“Midwives view it as a positive to have more births at home and in midwifery units if that is what the woman wants.
“At the end of the day, it is the woman’s choice and it is up to the midwife to make it happen.
“Regarding the issue that sometimes things go wrong in labour, midwives are skilled and trained to pick up on deviations from the norm sooner rather than later and women are transferred to a consultant when needed.”
Dr Gerrard says the midwifery transformation plans include more midwifery units, more professional and family friendly care and being able to support women to have choices based on their individual needs and circumstances.
She says: “These plans are about promoting a culture which is innovative and evidence based with continuity of care and choice.
“Women will not only have a healthy safe outcome, they will have a more positive birth experience.
“That is all women irrespective of their needs complexities and background.
“How can we not be supportive of that type of service?”
Staffing levels are the real area of concern when it comes to maternity as there is a shortage of 3,500 midwives across England.
And with many midwives approaching retirement, the profession fears it is facing a staffing timebomb.
Figures show one in three - 33 per cent - of midwives in England are now in their fifties or sixties.
Dr Gerrard says: “Older midwives can bring great experience and are great assets to the NHS.
“But it is a concern that such a large proportion of the midwifery workforce is so close to retirement.
“More students need to be trained and brought into the health service as a matter of urgency if we are to turn this situation around.
“More midwives are needed and in England, where births are on the up, we calculate the shortage to be the equivalent of around 3,500 full-time midwives.”
In their recent State of Maternity Services report, the Royal College of Midwives stated: “The midwifery profession is ageing fast just as the demands on it are growing.
“We are standing on a cliff edge and need swift action now.”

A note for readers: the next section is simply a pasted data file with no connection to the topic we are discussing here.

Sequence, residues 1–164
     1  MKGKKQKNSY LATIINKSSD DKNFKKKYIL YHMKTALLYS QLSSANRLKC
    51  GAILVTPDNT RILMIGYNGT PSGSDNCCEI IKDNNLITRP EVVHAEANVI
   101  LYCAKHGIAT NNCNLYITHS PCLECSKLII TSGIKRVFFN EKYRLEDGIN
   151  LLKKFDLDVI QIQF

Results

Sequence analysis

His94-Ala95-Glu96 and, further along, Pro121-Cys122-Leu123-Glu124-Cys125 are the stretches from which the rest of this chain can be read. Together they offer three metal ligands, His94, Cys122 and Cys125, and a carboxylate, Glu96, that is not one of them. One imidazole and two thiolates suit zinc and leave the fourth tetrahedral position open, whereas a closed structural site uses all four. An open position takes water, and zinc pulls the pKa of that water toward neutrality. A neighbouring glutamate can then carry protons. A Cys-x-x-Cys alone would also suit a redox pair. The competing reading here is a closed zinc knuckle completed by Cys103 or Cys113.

Dr Gerrard said: “We are not against the STP plans and are very supportive of the Maternity Transformation Programme.
“It is staffing levels we are concerned about.
“We need the right number of midwives in the right places to make it happen.
“If we are going to achieve these ambitions, we need the midwives to deliver them.”
AGEING PROFILE OF MOTHERS
A long term trend affecting maternity is the ageing of the profile of mothers.
Across the UK, there are fewer births to younger women and more to older women.
In every region of England since 2010, there are more babies born to women in their thirties or older and fewer to women under 30.
Since 2001 in England, there has been an increase of over 12,000 in the number of births per year to women aged 40 and older.
The age group to see the biggest rise in births in Scotland has been women in their late thirties with 2,000 more births per year compared to the year 2000.
In Wales, births per year to women aged 40 and older has now passed the 1,000 mark.
In Northern Ireland, births to women in their thirties are up by almost 3,000 since the start of the century.
The Royal College of Midwives says: “Taken as a whole, women who give birth later in life will need more care from the NHS.
“This will not be the case for every woman in that category but it will be true on average.